People who feel good about their finances: What do they have in common?

This guest post is courtesy of CFPB and FDIC’s joint education and awareness campaign.

Parents tell us it’s important for children to be well-prepared to lead good financial lives.

Yes, financial facts and information are important. But the way we behave around money is connected to the way we behave in the rest of our lives. That means it’s important for children to develop attitudes and characteristics as well as knowledge.

So, what kind of person is likely to have financial well-being—that is, to feel confident about their financial situation, today and down the road? It turns out that people who feel financial well-being have a few personality traits in common:

  • Focus on the future. People with this characteristic tend to plan ahead and think about how their actions today will affect them in the future.
  • Diligence. This trait describes people who are driven to finish what they start, work hard, and take care of details.
  • Self-control. People with self-control are generally able to show patience and wait for what they want.
  • Self-confidence. People with this trait tend to measure themselves against an inner yardstick, and believe their actions can make a difference in their own lives.

Parents, if you’re thinking about getting your children on the path to financial well-being, try helping them work on these traits. They can help children get ahead in many areas of life. Young people develop these traits at their own pace, and almost everyone benefits from help and practice. For example, for children younger than age five, activities like martial arts and playing pretend can develop these qualities. You don’t have to be a money expert, and you can help form a good foundation for your child’s future financial life.

Take the Pledge

I pledge to save money, reduce debt, and build wealth over time. I will encourage my family and friends to do the same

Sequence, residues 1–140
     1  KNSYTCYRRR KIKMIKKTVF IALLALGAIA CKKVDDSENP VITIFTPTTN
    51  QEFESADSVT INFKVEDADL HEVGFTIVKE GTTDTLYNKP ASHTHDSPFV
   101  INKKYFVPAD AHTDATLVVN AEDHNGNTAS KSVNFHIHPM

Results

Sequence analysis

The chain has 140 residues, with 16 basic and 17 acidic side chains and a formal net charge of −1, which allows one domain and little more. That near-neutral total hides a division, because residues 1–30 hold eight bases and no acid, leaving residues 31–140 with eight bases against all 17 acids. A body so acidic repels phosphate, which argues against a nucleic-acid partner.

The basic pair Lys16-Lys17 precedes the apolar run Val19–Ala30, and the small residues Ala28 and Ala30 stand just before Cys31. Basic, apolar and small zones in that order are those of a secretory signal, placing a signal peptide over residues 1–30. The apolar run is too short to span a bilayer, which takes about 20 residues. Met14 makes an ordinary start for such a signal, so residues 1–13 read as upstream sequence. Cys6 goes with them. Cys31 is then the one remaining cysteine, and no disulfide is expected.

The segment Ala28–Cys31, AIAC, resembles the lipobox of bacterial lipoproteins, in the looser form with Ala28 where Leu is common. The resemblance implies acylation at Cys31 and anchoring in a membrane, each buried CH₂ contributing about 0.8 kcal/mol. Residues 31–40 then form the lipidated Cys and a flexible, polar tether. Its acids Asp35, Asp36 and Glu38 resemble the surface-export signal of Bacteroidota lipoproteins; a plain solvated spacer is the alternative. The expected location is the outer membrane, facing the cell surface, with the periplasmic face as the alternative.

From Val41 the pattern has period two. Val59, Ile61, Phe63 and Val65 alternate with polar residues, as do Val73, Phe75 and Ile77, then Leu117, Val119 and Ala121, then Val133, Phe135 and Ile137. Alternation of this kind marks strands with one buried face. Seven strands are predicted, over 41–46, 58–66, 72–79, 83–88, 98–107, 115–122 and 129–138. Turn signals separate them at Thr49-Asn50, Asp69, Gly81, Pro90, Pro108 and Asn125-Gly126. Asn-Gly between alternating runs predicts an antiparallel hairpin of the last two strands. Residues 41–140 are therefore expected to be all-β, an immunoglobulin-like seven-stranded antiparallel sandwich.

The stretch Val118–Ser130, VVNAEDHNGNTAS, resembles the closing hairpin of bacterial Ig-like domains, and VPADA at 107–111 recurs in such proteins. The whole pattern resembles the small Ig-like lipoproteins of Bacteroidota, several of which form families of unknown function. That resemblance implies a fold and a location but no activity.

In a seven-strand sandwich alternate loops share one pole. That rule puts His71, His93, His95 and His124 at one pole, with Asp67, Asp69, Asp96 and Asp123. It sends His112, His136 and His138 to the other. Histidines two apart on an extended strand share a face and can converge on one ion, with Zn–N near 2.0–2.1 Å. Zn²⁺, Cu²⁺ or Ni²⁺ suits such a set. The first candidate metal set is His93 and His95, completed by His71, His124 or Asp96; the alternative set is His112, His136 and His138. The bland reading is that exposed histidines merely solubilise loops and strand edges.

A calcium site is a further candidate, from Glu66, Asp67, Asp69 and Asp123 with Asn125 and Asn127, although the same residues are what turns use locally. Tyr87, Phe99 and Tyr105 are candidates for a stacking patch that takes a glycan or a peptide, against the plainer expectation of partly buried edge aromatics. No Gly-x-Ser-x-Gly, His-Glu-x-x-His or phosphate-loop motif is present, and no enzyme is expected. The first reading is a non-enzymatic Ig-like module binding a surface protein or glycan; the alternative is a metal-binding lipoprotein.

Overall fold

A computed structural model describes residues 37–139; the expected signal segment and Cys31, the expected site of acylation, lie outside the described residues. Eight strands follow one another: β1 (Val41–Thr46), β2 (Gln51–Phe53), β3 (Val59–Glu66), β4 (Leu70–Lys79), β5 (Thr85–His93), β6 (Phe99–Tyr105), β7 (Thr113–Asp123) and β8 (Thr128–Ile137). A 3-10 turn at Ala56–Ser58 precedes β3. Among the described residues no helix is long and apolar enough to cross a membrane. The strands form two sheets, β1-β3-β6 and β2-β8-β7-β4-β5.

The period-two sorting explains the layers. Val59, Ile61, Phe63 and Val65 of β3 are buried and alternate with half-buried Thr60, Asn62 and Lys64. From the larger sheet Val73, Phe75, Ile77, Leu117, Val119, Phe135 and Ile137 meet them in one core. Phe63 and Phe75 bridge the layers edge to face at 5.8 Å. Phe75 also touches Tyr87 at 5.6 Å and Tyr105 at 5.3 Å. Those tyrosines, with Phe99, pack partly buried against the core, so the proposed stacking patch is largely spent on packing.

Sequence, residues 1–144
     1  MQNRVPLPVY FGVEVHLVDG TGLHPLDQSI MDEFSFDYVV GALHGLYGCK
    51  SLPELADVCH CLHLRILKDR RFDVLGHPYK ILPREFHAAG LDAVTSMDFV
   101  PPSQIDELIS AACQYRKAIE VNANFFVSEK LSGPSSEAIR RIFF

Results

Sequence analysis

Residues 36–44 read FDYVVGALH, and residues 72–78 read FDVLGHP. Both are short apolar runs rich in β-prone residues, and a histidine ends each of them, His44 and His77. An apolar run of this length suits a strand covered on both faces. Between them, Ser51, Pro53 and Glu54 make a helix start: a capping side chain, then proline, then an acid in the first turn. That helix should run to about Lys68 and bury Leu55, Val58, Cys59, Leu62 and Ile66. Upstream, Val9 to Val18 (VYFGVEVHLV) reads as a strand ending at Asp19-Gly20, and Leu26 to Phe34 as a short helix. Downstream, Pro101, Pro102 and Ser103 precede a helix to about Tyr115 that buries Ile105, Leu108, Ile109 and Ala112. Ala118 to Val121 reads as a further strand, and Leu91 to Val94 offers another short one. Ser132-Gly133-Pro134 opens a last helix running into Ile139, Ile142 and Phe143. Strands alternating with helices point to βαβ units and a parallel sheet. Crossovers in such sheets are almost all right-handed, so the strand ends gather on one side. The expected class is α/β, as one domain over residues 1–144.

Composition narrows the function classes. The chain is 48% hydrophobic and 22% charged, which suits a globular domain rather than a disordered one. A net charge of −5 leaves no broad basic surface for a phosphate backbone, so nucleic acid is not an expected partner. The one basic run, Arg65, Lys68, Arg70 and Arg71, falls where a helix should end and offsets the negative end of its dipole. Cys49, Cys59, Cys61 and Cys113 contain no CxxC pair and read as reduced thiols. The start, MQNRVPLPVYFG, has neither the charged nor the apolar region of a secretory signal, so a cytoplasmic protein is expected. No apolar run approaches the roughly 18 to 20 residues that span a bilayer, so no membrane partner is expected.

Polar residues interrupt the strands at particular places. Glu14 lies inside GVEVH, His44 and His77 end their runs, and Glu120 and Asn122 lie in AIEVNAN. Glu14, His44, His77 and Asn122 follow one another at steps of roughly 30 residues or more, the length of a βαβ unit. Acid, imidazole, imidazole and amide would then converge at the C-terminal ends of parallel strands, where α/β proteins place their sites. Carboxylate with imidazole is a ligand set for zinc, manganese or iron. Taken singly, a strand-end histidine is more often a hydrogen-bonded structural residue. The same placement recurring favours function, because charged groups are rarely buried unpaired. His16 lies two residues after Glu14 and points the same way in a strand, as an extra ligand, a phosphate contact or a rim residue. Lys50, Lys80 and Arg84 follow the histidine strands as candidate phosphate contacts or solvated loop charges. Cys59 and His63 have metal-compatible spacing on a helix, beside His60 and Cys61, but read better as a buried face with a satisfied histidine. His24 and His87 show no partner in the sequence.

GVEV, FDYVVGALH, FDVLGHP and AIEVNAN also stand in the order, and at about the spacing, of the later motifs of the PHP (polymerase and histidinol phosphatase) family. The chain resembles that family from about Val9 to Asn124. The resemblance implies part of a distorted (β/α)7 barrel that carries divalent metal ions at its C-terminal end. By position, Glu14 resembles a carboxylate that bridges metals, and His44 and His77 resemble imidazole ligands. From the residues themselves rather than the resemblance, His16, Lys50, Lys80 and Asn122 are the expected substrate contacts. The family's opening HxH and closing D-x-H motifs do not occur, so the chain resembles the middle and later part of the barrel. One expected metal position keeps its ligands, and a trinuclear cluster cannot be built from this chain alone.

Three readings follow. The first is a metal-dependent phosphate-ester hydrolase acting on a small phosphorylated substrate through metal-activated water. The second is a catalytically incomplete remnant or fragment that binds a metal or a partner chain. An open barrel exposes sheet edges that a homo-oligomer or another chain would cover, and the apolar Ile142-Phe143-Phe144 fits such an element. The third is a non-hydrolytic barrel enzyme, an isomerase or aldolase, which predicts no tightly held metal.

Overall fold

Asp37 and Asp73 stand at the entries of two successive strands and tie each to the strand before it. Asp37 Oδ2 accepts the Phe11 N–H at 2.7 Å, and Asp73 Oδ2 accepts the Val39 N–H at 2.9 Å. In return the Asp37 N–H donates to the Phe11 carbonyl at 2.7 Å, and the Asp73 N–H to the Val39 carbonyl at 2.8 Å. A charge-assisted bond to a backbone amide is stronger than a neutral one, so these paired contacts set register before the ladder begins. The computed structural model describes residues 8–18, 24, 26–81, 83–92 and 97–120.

Take the America Saves Pledge

Tip of the Day

  • Written by Administrator2 | January 13, 2014

    Never purchase expensive items on impulse. Think over each expensive purchase for at least 24 hours. Acting on this principle will mean you have far fewer regrets about impulse purchases, and far more money for emergency savings. http://ow.ly/sj972

Saver Stories View all »

Taking Back Control Over Finances

Written by Virginia Saves | August 5, 2015

After becoming a Virginia Saver and getting help from BankOn classes and coaching, Nadine Bialo took back control over her financial affairs.

Read more...

Getting Out of Debt

Written by Katie Bryan | October 28, 2013

In 2004, Tonya Shelton was facing financial ruin. Barely making more than minimum wage and having lost her home to an unexpected family crisis, Shelton and her family were forced to live in a rundown hotel.

Read more...

Challenging Herself to Save

Written by Sara Cooper | April 15, 2014

It all started when Marchale Burton overheard Alabama cooperative extension colleague Isaac Chappelle, coordinator of Alabama Saves, explaining how saving just a little bit – even change – is all it takes to become a saver. “I thought about that,” Burton said, “and wanted to see if it would work.” So, she challenged herself to see how much change she could save.

Read more...

Receive Updates

Sign up for Texts

Written by Tammy G. Bruzon | July 15, 2014

Sign Up

Sign up for Emails

Written by Super User | September 16, 2013

Get Emails

Take the Pledge

Written by Super User | September 16, 2013

Start Saving